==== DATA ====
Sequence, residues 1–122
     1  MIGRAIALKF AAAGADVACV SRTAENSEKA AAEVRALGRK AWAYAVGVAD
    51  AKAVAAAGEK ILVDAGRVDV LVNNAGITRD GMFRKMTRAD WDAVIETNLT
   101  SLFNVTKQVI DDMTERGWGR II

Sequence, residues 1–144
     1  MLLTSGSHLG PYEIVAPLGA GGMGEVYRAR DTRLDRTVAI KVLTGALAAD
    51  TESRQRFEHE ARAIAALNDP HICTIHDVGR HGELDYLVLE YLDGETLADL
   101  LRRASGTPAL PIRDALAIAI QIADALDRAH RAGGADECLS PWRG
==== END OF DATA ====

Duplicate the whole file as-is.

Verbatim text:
Sequence, residues 1–122
     1  MIGRAIALKF AAAGADVACV SRTAENSEKA AAEVRALGRK AWAYAVGVAD
    51  AKAVAAAGEK ILVDAGRVDV LVNNAGITRD GMFRKMTRAD WDAVIETNLT
   101  SLFNVTKQVI DDMTERGWGR II

Sequence, residues 1–144
     1  MLLTSGSHLG PYEIVAPLGA GGMGEVYRAR DTRLDRTVAI KVLTGALAAD
    51  TESRQRFEHE ARAIAALNDP HICTIHDVGR HGELDYLVLE YLDGETLADL
   101  LRRASGTPAL PIRDALAIAI QIADALDRAH RAGGADECLS PWRG